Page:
On the Ground with Community Health Workers
Dr. Pinto has developed partnerships with universities and community-based health-service units through which Brazil’s Family Health Strategy operates.
In 2012 he published a paper that emerged from this research (Pinto, Spector et al., 2012). The International Participatory Research Framework was included in Public Responsibility in Medicine & Research, a Web-based center advancing ethical standards in biomedical and social science research. He and his colleagues then published case studies of this framework’s utility in Brazil, Mongolia, and Kazakhstan (Pinto, Spector, Witte, & Gilbert, 2014).
Dr. Pinto chose Brazil because its Unified Health System employs community health workers (CHWs) to work with physicians and nurses who rely on these CHWs to identify consumers at risk for disease. Consumers, in turn, rely on CHWs for services, such as HIV testing and primary care.
The mixed-methods study examined CHWs’ roles in service delivery (Pinto, Soriano, & Bulhões, 2012). CHWs’ methods are taken from daily experience. Dr. Pinto isolated key variables that characterized CHW success—e.g., empathic communication and perseverance. CHWs support the research-into-practice process by, for example, using empathic communication (language free of medical jargon) and perseverance (e.g., repetition of prevention messages) to convey research-based information to consumers.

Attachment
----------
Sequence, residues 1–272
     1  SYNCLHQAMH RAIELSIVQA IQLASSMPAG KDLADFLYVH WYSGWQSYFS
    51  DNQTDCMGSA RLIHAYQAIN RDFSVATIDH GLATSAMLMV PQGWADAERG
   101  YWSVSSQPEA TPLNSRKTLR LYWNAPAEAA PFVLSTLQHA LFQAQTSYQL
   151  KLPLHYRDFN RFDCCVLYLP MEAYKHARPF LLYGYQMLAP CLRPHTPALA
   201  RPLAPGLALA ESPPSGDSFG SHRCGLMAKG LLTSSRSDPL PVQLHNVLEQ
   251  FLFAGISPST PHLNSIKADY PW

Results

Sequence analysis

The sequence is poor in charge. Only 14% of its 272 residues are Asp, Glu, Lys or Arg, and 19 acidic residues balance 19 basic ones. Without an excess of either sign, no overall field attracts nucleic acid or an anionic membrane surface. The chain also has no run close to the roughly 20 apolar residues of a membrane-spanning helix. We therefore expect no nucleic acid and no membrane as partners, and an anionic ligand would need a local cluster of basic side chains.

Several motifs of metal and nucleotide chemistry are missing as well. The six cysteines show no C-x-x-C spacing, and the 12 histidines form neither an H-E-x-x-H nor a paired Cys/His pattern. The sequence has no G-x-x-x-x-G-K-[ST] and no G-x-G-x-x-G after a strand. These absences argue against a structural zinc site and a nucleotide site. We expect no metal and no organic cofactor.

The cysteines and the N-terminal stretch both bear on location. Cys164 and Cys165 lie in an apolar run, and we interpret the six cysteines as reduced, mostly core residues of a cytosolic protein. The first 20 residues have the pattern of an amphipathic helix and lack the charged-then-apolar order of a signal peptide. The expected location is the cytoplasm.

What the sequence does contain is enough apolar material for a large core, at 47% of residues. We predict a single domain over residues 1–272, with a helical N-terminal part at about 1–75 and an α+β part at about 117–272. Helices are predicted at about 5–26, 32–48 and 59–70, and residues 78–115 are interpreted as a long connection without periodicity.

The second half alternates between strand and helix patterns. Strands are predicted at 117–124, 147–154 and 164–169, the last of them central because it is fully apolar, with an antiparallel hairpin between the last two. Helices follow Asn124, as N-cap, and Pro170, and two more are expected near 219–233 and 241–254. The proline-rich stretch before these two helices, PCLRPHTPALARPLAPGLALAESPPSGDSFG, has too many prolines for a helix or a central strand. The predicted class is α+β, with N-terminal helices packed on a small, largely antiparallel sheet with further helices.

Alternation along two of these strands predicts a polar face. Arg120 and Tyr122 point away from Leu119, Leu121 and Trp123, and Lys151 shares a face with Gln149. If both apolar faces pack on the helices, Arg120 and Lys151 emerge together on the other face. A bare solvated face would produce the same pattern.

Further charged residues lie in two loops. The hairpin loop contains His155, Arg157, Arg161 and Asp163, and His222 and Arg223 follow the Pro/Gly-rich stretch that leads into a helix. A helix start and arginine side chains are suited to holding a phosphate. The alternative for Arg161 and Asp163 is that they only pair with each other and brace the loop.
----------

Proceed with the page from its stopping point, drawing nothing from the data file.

The quantitative phase of this research used a survey developed from interviews with CHWs, physicians and nurses and administered to 168 CHWs, 62 nurses, and 32 physicians. Dr. Pinto used structural equation modeling (SEM) to deduce whether integration of CHWs’ experiential knowledge with physicians’ and nurses’ professional knowledge improved research-informed practice.
He found that each type of practitioner made a unique contribution (Pinto, Wall, Yu, Penido, & Schmidt, 2012) and that interprofessional collaboration did improve CHWs’ research-informed practice. This analysis highlighted variables from qualitative interviews that positively influenced evidence-based practice, including: on-the-job experience; familiarity with the community; endorsement of interprofessional meetings; and access to and consultations with colleagues.